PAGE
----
Characterised by the notion of “creative resistance”, Chelpa Ferro utilise performance, audio and installation modes, often commenting on our collective commercial mores, in particular that of mindless consumerism. Their work is in direct opposition to those artists who strip-mine popular culture for easy content and this gives them an interesting stance that has led to considerable success in a relatively short period of time. Their CV includes an array of Biennales: Venice 2005, Sao Paulo in 2002 and 2004, Havana in 2003, and they won the 4th MTV Video Music Brasil prize in 1998.
Conceptually, their art is set against a Brazilian background of political upheaval, fast social and technological change and rapid commercialisation – all elements present to some extent in Liverpool as it literally builds towards its Capital of Culture year. (The £920m Grosvenor Development is currently remodelling a sizeable section of the city centre to make 154,000 metres squared of new retail space). In a first for the UK, FACT has commissioned Chelpa Ferro to make a piece specifically for the Liverpool context.
On paper this commission looked terrible: the use of disposable plastic bags attached to motors to recreate the “rhythms of Liverpool’s streets”. It is almost impossible to imagine the aesthetic, unless you have seen previous works by the collective, (notably Nadabrahma, 2003 for the Sao Paulo Biennale, which uses a similar model). The publicity blurb also reheats the tired inward-looking paradigm of Liverpool as a mythic centre of outsider genius. Or perhaps the collective were slyly suggesting, given the preponderance of plastic bags and other litter on the streets, Liverpool as a rubbish city?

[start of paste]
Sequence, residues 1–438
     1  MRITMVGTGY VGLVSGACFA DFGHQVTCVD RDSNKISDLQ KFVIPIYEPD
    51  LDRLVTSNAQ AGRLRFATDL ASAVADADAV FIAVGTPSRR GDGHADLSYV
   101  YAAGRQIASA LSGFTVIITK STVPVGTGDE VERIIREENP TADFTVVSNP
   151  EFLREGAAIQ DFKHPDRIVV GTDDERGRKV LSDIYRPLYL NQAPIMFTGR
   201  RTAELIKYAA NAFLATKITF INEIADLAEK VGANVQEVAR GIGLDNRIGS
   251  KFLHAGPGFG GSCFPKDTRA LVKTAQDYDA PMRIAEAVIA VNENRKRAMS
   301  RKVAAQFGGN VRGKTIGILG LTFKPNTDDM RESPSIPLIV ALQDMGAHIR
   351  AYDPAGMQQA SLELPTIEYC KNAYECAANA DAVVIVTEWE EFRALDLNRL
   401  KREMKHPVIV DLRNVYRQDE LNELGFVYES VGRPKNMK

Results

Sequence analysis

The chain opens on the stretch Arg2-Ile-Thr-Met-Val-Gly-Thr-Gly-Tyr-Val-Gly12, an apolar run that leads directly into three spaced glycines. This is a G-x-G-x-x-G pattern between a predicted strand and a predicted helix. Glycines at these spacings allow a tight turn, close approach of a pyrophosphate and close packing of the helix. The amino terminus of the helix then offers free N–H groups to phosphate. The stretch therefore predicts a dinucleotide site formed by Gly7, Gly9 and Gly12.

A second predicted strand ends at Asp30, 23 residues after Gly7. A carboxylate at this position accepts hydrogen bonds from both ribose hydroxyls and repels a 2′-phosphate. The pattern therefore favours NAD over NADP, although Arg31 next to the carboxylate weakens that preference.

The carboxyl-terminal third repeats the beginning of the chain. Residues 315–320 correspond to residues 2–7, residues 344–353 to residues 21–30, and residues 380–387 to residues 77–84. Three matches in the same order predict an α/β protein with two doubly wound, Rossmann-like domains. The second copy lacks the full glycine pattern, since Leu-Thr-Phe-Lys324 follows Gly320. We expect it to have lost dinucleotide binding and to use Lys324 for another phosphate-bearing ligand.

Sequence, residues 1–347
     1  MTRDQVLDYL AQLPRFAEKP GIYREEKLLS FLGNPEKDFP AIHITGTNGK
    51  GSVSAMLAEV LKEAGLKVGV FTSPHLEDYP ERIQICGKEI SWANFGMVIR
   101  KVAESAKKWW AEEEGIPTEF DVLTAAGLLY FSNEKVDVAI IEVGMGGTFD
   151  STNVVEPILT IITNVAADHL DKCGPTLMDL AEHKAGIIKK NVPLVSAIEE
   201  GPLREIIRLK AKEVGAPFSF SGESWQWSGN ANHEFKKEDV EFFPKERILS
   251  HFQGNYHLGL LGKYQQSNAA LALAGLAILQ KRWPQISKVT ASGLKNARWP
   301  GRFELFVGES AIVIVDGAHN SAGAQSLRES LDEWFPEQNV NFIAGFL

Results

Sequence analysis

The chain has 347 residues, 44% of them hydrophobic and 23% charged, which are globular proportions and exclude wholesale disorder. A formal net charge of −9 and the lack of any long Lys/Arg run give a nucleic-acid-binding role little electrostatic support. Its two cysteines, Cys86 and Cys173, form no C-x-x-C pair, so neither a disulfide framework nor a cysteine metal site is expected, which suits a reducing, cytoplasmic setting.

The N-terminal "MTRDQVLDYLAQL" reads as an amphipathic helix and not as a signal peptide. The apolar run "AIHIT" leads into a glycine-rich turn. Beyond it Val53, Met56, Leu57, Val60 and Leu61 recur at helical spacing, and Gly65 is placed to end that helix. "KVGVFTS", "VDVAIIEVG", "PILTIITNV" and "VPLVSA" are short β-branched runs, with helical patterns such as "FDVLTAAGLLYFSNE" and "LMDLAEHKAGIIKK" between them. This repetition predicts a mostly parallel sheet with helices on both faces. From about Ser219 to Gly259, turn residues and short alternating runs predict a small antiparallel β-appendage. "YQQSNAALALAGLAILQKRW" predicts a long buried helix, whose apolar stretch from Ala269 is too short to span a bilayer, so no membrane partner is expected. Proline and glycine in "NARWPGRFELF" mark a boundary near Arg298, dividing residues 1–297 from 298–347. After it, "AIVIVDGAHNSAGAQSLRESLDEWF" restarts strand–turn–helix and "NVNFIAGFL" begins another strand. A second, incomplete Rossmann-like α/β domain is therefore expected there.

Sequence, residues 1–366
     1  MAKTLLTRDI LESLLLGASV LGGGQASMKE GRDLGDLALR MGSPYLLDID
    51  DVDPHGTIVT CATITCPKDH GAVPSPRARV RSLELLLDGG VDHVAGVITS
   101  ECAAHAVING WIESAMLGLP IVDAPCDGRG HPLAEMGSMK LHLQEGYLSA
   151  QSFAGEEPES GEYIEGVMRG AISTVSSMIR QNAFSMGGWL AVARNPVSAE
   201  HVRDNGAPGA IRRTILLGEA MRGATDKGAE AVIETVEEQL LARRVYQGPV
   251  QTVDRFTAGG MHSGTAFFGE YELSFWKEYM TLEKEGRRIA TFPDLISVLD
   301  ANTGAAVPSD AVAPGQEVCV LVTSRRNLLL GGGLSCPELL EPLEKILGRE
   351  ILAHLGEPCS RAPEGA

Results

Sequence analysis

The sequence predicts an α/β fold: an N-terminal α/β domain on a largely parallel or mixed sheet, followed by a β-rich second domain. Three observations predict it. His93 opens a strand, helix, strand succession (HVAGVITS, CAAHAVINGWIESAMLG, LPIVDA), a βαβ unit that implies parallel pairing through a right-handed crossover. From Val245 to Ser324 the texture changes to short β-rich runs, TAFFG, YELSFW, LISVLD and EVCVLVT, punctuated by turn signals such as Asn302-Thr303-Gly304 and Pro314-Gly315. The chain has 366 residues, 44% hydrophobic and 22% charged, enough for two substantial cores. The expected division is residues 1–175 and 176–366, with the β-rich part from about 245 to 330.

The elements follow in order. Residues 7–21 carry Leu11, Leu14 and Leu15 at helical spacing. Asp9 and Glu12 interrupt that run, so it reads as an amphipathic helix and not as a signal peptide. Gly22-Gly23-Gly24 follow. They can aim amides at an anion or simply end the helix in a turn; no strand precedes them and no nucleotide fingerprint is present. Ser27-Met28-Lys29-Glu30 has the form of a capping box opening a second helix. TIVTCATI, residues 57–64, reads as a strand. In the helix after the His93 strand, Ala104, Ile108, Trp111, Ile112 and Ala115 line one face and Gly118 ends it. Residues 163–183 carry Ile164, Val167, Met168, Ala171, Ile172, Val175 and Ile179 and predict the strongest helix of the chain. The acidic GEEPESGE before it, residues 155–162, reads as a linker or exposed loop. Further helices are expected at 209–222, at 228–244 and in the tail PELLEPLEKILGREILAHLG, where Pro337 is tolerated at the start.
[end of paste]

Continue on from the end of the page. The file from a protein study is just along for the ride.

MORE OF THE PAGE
But these prejudices evaporate immediately on entering the Gallery. Jungle Jam creates a Zen like environment that envelops the visitor and triggers instant and genuine pleasure. It is immediately charming, working on levels that are firstly sensory and only afterwards intellectual.
Thirty unbranded plastic bags, alternating in black and white, are ranged at equidistance and similar height around all four white walls. There is a pleasing minimalist visual aesthetic. Bags twist and rustle, hit the wall with a quick thud and continue their furious crackling perambulation against a soft background hum of whirring motors. Several more bags twiddle on opposite walls, the sound directional like early stereo. A half silence, a couple more flaps, then many, all, revolve at once, a cacophony from all four walls. It richly evokes the sound and image of a flock of birds on a telephone wire, shaking out their wings at will and in various combinations, getting ready to fly. The sound is crisp, determined, rhythmic.
Programmed by computer in group sequences on a ten minute loop, each motor is set to turn at slightly varied speeds, allowing for unexpected texture. Aurally, it is rhythm, not melody, but harmonious, in pitch, resonant. Visually, the motors work to animate these bags to a surprising degree, so that they become something weird, more than their banal actuality. They are at once completely recognisable as functional commercial detritus, and yet transformed into some far more interesting other. It is an aural and visual representation of experimental sound, well executed and effective.
These are all well trodden themes from Chelpa Ferro, and Jungle Jam combines seamlessly with their previous body of work. It is a useful and pleasant introduction to these artists for a northwest audience, but it doesn’t progress the Chelpa Ferro oeuvre much.
FACT, on the other hand, is fast becoming the coolest venue in town, with the visual art equivalent of reliably high production values. Under the guidance of Director of Exhibitions Ceri Hand, it has been curatorially sure footed in the last twelve months, mounting bold, critically convincing exhibitions that have also proved accessible to big audiences. Since opening its shiny new city centre building in 2003, it has relished the role of being Liverpool’s fifth visual arts institution, dedicated to commissioning and presenting film, video and new media art forms. It is now coming of age with some style.